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People want to talk, they want to be heard.

Jaime Lewis Podcaster, food writer

Writing and food happened separately. I’d always communicated well through writing. But I never thought about it as a job. I just thought whatever job I take on, writing will be a strong suit for me. In college, I studied art and architecture history just because I really enjoyed it, clearly not because I was thinking about a job. I had a field work position as an editorial assistant at Architecture New York Magazine and so I was going in once a week for this internship and I loved the architecture part but more than anything I loved the editing and publishing and writing part, especially the editing. It’s insane to me that I had graduated high school and had nearly graduated college and I still didn’t know the functions, the real mechanics, of writing until I got that job. And again, fear’s an excellent teacher, right? I was afraid of losing my position so I picked everything up, I absorbed it, I worked on it, I studied it, and I really fell in love with writing and editing and publishing.

After I graduated college, I ran out of money pretty quick… on cocktails in New York City. Pretty soon I was living with my friend’s parents on the Upper West Side and I was very self-conscious about the fact that I didn’t have job prospects when so many people around me were getting jobs with Bear Sterns and were working on Wall Street or going to grad school (which I had no interest in). I tried to move to San Francisco first, sleeping on my friend’s couch in Cole Valley trying to think of what I could possibly do. This was in 2000, so the tech boom had busted. It was just a very bad time to try to get a job. Nobody’s hiring, nobody’s hiring, and then I decided, well, I’ll try LA. Slept on a different friend’s couch, I had one job interview and it was actually an editing job and I didn’t get it. Finally, I called my mom and I just said, “Nothing’s working out.” And she said, “I ran into a friend of yours at the grocery store and she said that Rosa’s Italian Restaurant is hiring a bartender. Why don’t you come and live with us for a time, it’s temporary, get yourself a job, and start to figure things out.” So I did that.

I ended up getting a job with the San Luis Obispo Symphony, which was one of the best things that ever happened to me, working in administration for the orchestra. I was in fundraising and then I got into music education. I grew up playing music. I worked for them for six months and then was recruited to the San Francisco Symphony and I worked in their development department. Fell in love with my husband and for a few years we were up there and then we moved back here and I got a job as a music minister at a church which was one of the worst experiences of my life. I’ve heard that autopilot is not when a plane does a straight line from point A to point B, but it hovers over the line going back and forth constantly adjusting. I think I was kind of hovering around that line: where do I fit, what kinds of people do I like to work with, what kinds of skills make me feel successful, where can I help and be of service to people? Right around that time, I really started to fall in love with wine and food. I did not grow up eating in any explicitly foodie kind of way. And wine was part of my family’s life, but there was a good amount of Two-Buck Chuck at the table.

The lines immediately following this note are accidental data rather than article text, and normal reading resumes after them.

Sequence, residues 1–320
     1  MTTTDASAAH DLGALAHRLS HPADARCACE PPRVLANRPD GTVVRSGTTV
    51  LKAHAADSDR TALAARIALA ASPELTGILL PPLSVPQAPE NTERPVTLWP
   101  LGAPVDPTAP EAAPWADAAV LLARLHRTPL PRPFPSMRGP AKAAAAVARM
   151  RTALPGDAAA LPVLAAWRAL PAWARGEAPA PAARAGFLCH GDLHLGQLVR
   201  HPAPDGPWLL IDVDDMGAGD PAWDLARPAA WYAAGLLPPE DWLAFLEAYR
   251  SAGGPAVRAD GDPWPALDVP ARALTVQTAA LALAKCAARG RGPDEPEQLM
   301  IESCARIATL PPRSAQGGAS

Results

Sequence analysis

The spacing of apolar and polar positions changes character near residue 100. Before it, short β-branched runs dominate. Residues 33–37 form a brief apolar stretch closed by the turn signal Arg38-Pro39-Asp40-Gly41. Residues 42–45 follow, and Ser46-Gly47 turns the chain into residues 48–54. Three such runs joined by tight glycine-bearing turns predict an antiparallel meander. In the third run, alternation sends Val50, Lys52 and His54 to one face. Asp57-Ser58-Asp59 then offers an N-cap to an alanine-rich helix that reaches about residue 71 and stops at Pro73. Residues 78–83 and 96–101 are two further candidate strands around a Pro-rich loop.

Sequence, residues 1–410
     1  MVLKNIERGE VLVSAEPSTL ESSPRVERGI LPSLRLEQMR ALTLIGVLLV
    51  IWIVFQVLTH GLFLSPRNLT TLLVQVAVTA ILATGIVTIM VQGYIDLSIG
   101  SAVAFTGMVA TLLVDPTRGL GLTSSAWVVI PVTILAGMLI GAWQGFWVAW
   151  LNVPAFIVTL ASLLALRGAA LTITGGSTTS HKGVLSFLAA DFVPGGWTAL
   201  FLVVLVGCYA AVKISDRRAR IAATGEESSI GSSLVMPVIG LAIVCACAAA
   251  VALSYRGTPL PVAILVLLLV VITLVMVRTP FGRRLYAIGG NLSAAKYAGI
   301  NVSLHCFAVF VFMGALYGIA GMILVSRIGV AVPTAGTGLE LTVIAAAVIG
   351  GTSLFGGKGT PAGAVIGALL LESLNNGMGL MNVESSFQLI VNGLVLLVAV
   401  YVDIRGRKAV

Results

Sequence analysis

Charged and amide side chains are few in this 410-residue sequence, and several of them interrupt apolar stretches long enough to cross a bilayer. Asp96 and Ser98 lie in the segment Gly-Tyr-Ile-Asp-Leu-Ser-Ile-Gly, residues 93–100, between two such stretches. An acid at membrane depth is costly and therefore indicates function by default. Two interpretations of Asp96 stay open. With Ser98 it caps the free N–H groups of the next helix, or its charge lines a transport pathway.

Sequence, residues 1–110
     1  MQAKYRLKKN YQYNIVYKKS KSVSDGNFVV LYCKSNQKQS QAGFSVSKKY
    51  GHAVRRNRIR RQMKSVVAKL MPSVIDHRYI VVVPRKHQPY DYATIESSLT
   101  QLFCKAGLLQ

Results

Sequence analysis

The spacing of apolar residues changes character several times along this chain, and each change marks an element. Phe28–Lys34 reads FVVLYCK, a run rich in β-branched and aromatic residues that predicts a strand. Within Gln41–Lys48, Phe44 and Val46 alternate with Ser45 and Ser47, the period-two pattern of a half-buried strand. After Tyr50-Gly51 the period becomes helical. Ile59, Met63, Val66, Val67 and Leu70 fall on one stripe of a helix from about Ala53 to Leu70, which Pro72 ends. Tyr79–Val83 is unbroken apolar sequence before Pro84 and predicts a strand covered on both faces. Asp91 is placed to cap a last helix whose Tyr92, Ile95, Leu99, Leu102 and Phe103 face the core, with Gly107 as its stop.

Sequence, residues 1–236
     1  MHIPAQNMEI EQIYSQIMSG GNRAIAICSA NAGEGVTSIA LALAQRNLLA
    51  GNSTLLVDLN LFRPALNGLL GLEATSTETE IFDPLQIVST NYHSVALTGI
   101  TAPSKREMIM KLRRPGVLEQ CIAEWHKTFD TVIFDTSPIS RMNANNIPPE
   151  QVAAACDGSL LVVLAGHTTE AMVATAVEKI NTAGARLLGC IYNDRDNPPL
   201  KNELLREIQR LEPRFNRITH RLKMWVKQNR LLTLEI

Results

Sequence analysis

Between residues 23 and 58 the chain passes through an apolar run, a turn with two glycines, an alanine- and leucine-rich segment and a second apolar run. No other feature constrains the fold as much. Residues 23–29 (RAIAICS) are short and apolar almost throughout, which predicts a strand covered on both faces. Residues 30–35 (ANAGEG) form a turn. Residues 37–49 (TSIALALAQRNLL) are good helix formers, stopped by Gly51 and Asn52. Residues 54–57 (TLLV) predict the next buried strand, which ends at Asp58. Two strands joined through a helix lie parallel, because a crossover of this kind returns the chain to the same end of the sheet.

I went to Italy in college to study architecture and spent a summer there on my own, and you can’t go to a place like that without being conscious of food and wine. I saw enjoyment and pleasure in eating and drinking and also care for ingredients and care for the human body and longevity. It’s such a national value, I would say. I had never seen anything like that before. That planted the seed but being back here, wine country’s blowing up around us and I read a couple of books that had food as a theme and I just became enthralled. Learning about wine is a lot like learning about art: there’s a time and a place and a person and materials and style and a story and I really connected with that. I got into that while I was working at the symphony; nights and weekends I was getting my sommelier certification and I didn’t really know what I wanted to do with it and Jake and I were saving money to be able to take a year off and travel the world.

We saved up and over six years we saved $75,000 and we went abroad. We went to Italy for six months to work in vineyards and farms, and then another six months in New Zealand to work in a brewery and a winery. It gave me an opportunity to see the beginning of these products from planting the tomatoes and harvesting them and your hands getting all black because you’ve been doing it for the last six hours. And the most boring jobs in the vineyard, snipping at this one spot, leafing, all that stuff. There was a day, it was so hot and muggy and we were threading, we were winding string through the vines so they would get skinnier so you could take a tractor through and it was easily six hours of doing that, in the sun, baking and sweating. And we’re doing it together, my husband and I, and I remember at one point looking at each other and just bursting out laughing, like, “This sucks so much!” And we did it on purpose!